Blue Quills represent one of the first good mayfly hatches of the year in the Smokies. By “good,” I mean they can come off in big enough numbers and with enough consistency for trout to really take notice. Water temperature determines when they hatch. As an early season bug, there can be as much as a three week variation from year to year.
They tend to start hatching in the Smokies in late March and continue through the third or fourth week of April. With a warmer than average February, they can get started a little earlier or they may get going a little later in a cold spring.
They hatch sporadically through the day with the heaviest activity occurring between noon and 4:00pm. Water is often higher and faster this time of year. Pay close attention to soft current edges, eddies, and slow pockets for trout feeding on them. Water temperatures also tend to be chillier this time of year, which can retard emergence. An unweighted nymph fished in the surface film or just below can be very effective, particularly on cooler, damp, or overcast days.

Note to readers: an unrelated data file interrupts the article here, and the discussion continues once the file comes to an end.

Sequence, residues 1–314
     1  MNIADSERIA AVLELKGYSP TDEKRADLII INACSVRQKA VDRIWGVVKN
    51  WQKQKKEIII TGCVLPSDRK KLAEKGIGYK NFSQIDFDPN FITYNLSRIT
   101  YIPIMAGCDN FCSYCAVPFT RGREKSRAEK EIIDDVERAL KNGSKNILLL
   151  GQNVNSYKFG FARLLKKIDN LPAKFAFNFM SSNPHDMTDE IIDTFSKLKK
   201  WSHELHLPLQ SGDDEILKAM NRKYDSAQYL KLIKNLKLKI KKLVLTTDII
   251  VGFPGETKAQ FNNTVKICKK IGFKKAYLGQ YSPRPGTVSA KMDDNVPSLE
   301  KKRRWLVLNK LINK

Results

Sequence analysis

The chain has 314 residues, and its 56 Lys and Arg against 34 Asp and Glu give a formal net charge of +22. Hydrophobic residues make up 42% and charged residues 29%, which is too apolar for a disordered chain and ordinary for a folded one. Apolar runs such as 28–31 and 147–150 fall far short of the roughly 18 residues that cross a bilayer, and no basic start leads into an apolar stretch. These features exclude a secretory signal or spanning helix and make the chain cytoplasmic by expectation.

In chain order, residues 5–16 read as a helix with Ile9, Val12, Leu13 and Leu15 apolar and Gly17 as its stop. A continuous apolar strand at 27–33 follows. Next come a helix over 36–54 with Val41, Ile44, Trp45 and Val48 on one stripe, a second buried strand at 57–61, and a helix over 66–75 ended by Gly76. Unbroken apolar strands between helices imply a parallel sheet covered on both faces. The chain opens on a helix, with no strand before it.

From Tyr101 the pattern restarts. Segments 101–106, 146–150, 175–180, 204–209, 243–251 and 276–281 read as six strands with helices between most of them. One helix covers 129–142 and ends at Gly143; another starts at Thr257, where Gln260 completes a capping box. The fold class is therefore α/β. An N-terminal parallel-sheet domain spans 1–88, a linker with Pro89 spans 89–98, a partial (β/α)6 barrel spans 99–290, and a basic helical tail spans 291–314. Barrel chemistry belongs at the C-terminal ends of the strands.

The nymph is a reddish brown color and typically a size #16 or #18. The bugs tend to get smaller as the hatch progresses. So while we’ve mostly been seeing #16’s, expect #18’s to be more common in the coming weeks. There are specific Blue Quill nymph patterns but a standard Pheasant Tail Nymph works as well as anything.
The adults also have a reddish brown body with a light to medium dun wing and are also found in sizes #16 and #18. Again, very specific Blue Quill dry fly patterns are available but a Parachute Adams serves as a worthy imitation.
Learn more about Smoky Mountain hatches and flies in my hatch guide.